Keeping on top of your finances is often the last thing on your mind when you’re a young adult. Starting a new job or heading to university, navigating relationships and making adult friends, and getting used to your new adult lifestyle tend to take priority over saving money or making a budget. It’s also easy to slide into debt when you’re young and not prepare adequately for the future. That’s why we’ve put together four essential financial tips for young adults.

Create a monthly budget

It may sound obvious, but a monthly budget will help you keep on top of your finances, keep an eye on expenses, and make sure you don’t run out of money before the end of the month.

Creating a monthly budget is as simple as opening a spreadsheet and printing off your bank statement. Log all of your regular outgoings, such as rent and bills, and calculate how much you’ll always need in your account for these. Then split the remaining amount of money you have each month by week so you have a weekly budget for food, going out, and other expenses. It also helps to leave a bit leftover for emergencies or savings.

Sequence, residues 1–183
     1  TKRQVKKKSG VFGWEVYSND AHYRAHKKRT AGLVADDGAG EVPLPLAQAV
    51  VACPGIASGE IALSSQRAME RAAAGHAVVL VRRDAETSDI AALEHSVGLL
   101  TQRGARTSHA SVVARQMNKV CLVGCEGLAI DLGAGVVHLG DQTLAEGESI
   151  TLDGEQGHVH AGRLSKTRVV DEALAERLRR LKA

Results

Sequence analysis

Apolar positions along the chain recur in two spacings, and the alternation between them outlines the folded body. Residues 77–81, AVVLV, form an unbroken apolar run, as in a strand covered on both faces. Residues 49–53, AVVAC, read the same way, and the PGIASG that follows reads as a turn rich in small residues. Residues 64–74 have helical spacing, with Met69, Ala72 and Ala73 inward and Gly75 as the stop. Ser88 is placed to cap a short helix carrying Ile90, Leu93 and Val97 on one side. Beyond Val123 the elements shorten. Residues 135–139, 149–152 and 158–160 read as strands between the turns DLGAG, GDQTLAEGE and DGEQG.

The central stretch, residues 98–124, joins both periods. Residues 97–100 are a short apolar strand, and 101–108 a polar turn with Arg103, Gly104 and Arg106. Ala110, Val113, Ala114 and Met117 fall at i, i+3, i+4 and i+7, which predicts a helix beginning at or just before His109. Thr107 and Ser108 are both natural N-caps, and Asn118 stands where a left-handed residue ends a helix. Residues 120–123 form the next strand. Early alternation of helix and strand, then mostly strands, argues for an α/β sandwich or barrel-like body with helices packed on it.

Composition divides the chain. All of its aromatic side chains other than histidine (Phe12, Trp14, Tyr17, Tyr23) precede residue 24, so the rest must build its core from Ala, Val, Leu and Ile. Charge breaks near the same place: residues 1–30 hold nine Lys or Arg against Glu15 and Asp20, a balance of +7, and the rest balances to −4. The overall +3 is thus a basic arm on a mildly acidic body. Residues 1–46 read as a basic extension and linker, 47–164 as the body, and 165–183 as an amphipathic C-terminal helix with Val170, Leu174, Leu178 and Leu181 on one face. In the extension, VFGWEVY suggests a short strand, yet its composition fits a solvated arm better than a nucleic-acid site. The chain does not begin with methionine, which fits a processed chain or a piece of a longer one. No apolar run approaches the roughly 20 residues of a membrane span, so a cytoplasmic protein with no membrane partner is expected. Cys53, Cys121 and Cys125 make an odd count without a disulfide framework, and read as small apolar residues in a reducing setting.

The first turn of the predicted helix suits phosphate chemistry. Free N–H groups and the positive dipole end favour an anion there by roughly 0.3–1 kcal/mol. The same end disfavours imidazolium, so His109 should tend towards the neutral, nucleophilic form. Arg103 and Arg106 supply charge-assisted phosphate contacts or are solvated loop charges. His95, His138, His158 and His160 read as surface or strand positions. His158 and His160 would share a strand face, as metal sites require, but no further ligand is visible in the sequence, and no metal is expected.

Start saving early

Your first house and your retirement may seem a long way away, but the sooner you start saving the better. Even if you’re putting away £20 a month, you could save almost £500 in two years, perfect for an emergency fund or a flat deposit. Your future self will thank you for it.

Consider opening a high-yield savings account and investigate ISA options on Wealthify so that you can get as much from your savings as possible.

Don’t live on borrowed money

Getting a credit card when you’re young is a great way to build your credit score and ensure you have a way to pay for emergency or unexpected expenses. That said, you should avoid using credit cards or loans as a means to live, such as buying food or unnecessary items with them.

Credit card and loan interest means you end up paying more for anything you buy with them. Whilst a 0% interest credit card is a great way to buy goods and repay monthly so that you can increase your credit score, avoid going into debt at all costs.

Avoid co-signing

When you’re young, you’ll spend time living with friends or a partner and splitting costs like rent and bills. This is a necessary part of life, but you should avoid getting into a fixed financial relationship with anyone. That means you shouldn’t co-sign on bills or on a loan your friend may be taking out. If a friend or partner is unable to pay for something, you’ll be stuck with the costs.

Never co-sign a friend’s loan, no matter how much they beg you. As for bills and rent, find a way for everyone to be the lead tenant on different household bills so you’re not the one stuck with paying for unpaid bills should someone be unable to pay.